Removing Asbestos Shingles on Wood House

Safety and Permitting

Asbestos removal and decontamination
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Question: I have an old 1930s home in western Connecticut. It has two layers of siding on it. The first layer is wood shakes, some of which I know are rotten and termite damaged. Over that wood layer is asbestos siding. The pieces are about 20" x 10". Latex paint is peeling off and the whole thing looks like crap. I would like to have both layers removed, down to the sheathing, make the necessary repairs, wrap and side the house with cedar clapboard. When I sell it someday, the word "asbestos" is not going to work in my favor.

I've spoken with a number of contractors. They all have a different take on removal of the asbestos. Generally, they say that because the asbestos snaps off cleanly, I don't need to hire an abatement team. Of course, we would dispose of it in a special dumpster.

Do you know anything about this? What would you recommend?

Asbestos Disposal, Not Removal, Is the Problem

Your city and county may have different rules, but in my county (which is pretty typical of many other counties), there are no legal requirements pertaining to the removal of asbestos from your home. They only care about the proper disposal of the asbestos. Most dumpster companies don't allow asbestos in regular dumpsters. You mention that you would rent a special dumpster just for asbestos. I would make sure that the hauler is being completely honest with you, and not just telling you that it's an asbestos-friendly dumpster. If they get caught at the landfill improperly disposing of asbestos, the liability may reach back to you. Unfortunately, one indication that the asbestos dumpster may be legal is that it will cost several times more than a regular dumpster.

Asbestos-Cement Shingles Likely Not a Concern For Resale

The East Coast is filled with houses sided in these asbestos-cement shingles. If you do somehow end up with those shingles remaining on your house, I doubt they will affect your sale. These shingles are a fact of life in that area and for houses of the early and mid 20th century.

Removing Shingles Can Be Safe

I agree that these asbestos-cement shingles can be removed safely--without costly teams of abatement professionals. When you remove those shingles, they will either come off when you pull out the nails, require you to snap them off or require you to cut them. Rarely, if ever, will they need to be cut, and cutting is the one activity that creates the hazardous dust.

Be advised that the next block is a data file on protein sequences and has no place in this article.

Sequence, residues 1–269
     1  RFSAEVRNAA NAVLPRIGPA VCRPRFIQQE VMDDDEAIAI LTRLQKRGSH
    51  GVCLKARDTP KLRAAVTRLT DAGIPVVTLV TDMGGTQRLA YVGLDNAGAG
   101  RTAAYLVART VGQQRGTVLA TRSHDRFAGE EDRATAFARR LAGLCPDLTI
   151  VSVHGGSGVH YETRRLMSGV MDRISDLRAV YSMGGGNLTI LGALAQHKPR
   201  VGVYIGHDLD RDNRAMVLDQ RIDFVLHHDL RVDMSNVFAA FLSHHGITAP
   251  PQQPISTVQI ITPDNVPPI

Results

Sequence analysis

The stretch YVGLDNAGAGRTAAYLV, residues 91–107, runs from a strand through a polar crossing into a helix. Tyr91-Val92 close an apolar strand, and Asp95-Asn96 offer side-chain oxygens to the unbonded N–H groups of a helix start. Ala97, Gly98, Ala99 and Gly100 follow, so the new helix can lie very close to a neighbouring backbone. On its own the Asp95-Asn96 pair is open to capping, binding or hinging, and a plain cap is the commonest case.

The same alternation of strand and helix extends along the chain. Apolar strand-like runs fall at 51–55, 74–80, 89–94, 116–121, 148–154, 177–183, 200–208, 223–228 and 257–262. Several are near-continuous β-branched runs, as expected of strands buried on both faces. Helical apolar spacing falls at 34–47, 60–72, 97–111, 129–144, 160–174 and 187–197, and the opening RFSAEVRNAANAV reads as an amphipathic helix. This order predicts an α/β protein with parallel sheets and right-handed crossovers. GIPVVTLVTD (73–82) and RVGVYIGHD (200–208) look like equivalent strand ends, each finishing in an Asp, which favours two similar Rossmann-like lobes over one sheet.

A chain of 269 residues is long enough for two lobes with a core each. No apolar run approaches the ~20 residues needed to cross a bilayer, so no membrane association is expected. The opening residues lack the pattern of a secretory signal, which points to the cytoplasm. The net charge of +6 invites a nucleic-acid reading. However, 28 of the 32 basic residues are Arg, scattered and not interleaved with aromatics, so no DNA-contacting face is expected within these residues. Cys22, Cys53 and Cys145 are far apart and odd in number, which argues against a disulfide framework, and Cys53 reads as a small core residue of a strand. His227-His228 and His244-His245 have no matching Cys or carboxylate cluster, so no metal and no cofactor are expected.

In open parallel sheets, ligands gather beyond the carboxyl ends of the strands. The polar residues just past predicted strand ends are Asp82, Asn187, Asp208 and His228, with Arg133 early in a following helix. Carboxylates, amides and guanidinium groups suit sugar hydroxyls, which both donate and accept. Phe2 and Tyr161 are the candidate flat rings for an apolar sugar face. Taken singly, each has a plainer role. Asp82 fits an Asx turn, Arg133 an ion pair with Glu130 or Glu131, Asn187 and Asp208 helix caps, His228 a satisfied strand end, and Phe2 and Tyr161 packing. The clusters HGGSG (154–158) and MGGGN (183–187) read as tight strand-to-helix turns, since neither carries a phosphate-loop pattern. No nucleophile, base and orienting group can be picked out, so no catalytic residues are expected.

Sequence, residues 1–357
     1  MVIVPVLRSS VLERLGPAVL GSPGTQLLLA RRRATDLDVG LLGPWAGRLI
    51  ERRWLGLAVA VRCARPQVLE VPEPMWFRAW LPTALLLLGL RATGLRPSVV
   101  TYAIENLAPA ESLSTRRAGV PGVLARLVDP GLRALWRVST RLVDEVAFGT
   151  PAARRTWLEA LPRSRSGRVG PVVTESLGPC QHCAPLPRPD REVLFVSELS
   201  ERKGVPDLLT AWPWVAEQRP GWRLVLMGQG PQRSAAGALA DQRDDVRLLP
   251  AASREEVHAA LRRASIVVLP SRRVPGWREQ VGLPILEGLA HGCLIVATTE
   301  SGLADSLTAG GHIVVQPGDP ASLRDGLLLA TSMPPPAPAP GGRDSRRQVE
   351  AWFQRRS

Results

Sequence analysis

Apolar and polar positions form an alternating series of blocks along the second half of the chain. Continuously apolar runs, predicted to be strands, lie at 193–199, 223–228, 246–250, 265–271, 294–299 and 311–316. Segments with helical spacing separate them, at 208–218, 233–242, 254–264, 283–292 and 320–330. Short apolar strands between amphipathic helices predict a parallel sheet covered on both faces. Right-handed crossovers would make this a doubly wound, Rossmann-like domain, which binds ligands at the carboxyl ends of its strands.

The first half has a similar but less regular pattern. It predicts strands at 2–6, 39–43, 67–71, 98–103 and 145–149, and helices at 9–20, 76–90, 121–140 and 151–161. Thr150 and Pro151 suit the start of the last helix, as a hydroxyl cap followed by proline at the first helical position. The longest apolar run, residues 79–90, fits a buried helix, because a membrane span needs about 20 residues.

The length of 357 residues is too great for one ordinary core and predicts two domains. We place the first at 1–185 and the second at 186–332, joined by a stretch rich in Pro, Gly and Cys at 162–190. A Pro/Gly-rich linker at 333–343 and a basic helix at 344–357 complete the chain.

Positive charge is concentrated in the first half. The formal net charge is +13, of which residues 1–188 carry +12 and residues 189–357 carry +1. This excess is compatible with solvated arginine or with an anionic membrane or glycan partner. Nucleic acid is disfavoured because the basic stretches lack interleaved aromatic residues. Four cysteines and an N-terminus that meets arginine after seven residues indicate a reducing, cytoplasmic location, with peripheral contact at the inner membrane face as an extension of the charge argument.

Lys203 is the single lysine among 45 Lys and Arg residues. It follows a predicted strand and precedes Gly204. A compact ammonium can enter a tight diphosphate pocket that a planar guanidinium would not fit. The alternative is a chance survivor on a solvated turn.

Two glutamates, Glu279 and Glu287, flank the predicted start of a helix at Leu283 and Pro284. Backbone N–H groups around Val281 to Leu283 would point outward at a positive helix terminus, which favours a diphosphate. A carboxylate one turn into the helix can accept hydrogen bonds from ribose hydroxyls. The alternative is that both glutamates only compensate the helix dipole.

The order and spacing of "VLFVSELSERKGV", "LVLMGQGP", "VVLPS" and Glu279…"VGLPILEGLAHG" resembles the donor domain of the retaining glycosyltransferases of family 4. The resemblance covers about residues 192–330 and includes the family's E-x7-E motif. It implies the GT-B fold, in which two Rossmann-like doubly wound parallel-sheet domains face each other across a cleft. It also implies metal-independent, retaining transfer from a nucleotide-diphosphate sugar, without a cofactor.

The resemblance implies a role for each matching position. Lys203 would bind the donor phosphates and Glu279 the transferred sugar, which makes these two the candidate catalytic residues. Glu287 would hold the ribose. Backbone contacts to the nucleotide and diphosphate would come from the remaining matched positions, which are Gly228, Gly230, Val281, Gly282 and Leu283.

Many state agencies even publish guidelines to help homeowners safely remove these shingles. Below, I've linked to a set of good, concise, and level-headed instructions from the State of Maine about how to do this.

Third Layer Difficult, Perhaps Impossible

I understand your desire to remove those "garbage" layers and start afresh. Even if you wanted to add on a third layer, this may not be possible. At the very least, you would raise the total thickness of your siding so far out that it reaches door and window casing--not very attractive. It might even extend beyond the casing, which would cancel out the casing's moisture-diverting abilities. So, I think you have not only a good idea but perhaps the only functional idea for your house's siding.

I Would...

...separate siding removal/disposal and siding installation by hiring different companies. This way, you can assemble your own team of workers to demo the present siding and negotiate a more favorable price. If you're up to it, you can even pull together day laborers and get the job done dirt-cheap. Of course, hiring day laborers does not mean being lax about safety. You'll have to supply all of the demo tools, but these can be purchased for next-to-nothing at Harbor Freight or similar places. More importantly, you would have to supply safety gear for the workers and you would have to be the foreperson, micro-supervising their work. So, it's not money-intensive, but it is time-intensive.